As a Bright Eyes fan, it’s a little tough for me to write this piece. I’ve loved Conor Oberst and company ever since Fevers and Mirrors, and 2005’s I’m Wide Awake, It’s Morning left me me with high expectations for their follow-up, Cassadaga. Does it meet them? It’s tough to say. While Oberst has always evolved in between albums, Cassadaga represents what might be his greatest stylistic shift yet.
Any fan of Bright Eyes will tell you that’s there’s just one element that lifts them from good to great; Oberst’s lyrics. While Bright Eye’s melodies are far from weak, it’s Oberst’s writing that creates classics. Listening to songs like ‘Lua’ (I’m Wide Awake . . .) and ‘Bowl Of Oranges’ (Lifted . . .), hearing Obesrt’s voice crack as singing turns to something far more cathartic, you can’t help but admire the craftsmanship that goes into his lyrics. Despite what detractors may say, the comparisons to Dylan are well-founded, at least lyrically. Unfortunately, Cassadaga is severely lacking in this area. The lyrics aren’t poorly written, but you can tell that Oberst doesn’t connect with them in quite the same way he has in the past. There’s no passion, no fire, in his voice anymore.
While Cassadaga is nearly devoid of the band’s greatest strength, every other element is done expertly. Cassadaga is Bright Eye’s seventh studio album, and it shows; this is a band that knows it’s way around a recording studio. The instrumentation is superb, featuring a few new instruments, and the production is top-notch. Despite this, two elements stick out just a bit. Firstly, some of the backing vocals are questionable at best; those on ‘Soul Singer In A Session Band’ are downright awful. Also, it’s seems like Oberst discovered the reverb button for the first time while mixing the album. I can understand wanting a more natural-sounding album, but unless Oberst was recording in his basement again, he went a little too far.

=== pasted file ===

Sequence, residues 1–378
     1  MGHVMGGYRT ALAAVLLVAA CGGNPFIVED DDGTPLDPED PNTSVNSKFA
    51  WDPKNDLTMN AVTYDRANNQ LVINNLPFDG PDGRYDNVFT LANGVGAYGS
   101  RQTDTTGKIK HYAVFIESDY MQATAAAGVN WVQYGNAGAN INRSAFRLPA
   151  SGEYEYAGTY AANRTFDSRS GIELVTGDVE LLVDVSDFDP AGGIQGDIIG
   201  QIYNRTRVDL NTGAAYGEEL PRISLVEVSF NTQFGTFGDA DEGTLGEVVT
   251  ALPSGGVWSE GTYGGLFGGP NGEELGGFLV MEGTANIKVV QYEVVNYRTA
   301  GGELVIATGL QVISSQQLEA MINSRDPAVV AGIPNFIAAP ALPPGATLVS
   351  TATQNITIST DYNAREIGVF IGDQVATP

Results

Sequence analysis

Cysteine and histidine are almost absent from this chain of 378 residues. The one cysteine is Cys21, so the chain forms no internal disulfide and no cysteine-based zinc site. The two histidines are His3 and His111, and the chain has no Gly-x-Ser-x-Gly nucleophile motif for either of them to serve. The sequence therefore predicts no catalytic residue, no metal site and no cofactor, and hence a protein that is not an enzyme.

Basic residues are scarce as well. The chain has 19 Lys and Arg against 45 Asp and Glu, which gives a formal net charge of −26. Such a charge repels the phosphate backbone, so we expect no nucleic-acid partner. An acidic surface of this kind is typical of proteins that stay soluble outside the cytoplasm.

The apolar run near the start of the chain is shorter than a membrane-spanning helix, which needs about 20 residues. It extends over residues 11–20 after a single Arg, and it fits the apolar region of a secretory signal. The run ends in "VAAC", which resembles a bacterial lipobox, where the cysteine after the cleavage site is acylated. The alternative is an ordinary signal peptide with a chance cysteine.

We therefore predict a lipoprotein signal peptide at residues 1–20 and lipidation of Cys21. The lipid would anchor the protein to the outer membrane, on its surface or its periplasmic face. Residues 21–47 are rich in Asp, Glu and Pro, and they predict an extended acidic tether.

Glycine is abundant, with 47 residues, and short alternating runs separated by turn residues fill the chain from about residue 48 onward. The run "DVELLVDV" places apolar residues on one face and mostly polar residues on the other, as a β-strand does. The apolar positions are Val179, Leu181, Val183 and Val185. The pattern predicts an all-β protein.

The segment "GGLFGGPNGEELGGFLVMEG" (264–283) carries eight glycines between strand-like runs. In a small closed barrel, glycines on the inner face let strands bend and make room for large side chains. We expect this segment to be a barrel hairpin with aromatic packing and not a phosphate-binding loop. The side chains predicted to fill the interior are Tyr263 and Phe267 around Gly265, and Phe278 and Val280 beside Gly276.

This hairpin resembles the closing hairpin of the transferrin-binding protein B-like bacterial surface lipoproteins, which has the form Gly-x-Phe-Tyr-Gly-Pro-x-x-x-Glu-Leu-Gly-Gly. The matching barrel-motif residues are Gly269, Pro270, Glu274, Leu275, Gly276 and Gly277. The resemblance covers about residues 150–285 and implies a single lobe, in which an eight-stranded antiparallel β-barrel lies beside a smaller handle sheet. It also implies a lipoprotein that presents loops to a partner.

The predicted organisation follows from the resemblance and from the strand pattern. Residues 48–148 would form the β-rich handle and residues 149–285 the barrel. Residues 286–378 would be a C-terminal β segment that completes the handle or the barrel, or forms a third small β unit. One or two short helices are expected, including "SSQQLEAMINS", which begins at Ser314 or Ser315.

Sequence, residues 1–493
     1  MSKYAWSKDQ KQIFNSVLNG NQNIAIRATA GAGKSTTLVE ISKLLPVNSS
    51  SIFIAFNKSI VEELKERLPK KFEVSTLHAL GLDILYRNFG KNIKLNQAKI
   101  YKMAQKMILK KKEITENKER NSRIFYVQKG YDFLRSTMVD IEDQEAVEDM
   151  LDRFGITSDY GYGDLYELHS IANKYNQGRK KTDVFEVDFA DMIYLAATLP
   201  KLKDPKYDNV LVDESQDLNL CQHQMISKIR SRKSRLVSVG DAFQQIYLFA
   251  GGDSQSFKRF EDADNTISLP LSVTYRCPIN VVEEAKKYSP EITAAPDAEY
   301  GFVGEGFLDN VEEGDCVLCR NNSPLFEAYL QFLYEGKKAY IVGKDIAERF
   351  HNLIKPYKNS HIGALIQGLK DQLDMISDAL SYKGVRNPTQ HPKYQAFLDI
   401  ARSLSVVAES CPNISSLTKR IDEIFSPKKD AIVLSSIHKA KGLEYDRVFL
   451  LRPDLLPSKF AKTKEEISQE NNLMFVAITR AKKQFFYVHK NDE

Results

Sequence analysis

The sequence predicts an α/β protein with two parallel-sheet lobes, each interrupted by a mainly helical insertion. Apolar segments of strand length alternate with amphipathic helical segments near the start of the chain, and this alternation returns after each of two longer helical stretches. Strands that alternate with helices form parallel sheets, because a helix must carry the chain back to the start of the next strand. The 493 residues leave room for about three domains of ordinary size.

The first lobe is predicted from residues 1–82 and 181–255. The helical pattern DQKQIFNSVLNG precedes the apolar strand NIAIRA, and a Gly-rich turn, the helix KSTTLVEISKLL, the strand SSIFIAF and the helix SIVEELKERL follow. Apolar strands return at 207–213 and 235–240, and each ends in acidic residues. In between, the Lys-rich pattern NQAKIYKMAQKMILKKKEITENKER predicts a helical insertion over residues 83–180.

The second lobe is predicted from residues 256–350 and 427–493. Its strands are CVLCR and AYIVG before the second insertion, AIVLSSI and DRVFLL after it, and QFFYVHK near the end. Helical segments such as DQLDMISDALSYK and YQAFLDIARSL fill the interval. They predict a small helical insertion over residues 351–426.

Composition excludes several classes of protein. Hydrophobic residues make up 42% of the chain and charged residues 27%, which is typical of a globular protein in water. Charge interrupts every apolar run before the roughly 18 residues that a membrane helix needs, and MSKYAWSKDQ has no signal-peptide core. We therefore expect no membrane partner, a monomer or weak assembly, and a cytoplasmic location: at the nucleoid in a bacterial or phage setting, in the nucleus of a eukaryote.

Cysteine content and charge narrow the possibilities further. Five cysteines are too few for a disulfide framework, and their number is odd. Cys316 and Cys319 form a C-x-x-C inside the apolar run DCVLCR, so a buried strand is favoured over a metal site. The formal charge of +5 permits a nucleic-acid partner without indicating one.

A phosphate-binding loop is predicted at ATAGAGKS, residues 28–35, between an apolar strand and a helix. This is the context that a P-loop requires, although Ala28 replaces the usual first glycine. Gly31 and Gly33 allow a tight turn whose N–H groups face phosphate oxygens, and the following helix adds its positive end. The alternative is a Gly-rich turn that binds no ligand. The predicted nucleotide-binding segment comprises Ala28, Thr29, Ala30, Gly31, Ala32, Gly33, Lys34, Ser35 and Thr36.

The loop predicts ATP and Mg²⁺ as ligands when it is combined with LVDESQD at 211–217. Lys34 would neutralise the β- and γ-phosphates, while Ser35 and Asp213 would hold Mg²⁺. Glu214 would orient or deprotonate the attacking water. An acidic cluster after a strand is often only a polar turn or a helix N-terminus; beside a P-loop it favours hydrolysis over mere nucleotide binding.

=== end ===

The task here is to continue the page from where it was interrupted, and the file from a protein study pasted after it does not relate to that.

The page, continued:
But it would be unfair to talk about Cassadaga’s flaw without mentioning the good parts. Maybe the best thing Cassadaga has going for it, apart from Oberst’s scant flashes of lyrical genius, is it’s experimentation. Although only prominent on two tracks (‘Coat Check Dream Song’ and ‘Cleanse Song’), there’s definitely a sound here that you wouldn’t expect on a Bright Eye’s album; tribal percussion, chants, and other assorted niceties. They fit suprrisingly well, and bring some intriguing new elements to the Bright Eyes formula.
So, will Cassadaga be vying with Lifted . . . for position as my favorite Bright Eyes album? Definitely not. But despite it’s flaws, it’s still a solid record. It feels less like a misstep, and more like a growing pain for the band. Every band does an album like this, and most have done far worse. If this is the worst Bright Eyes has to offer, then they’re still in pretty damn good shape.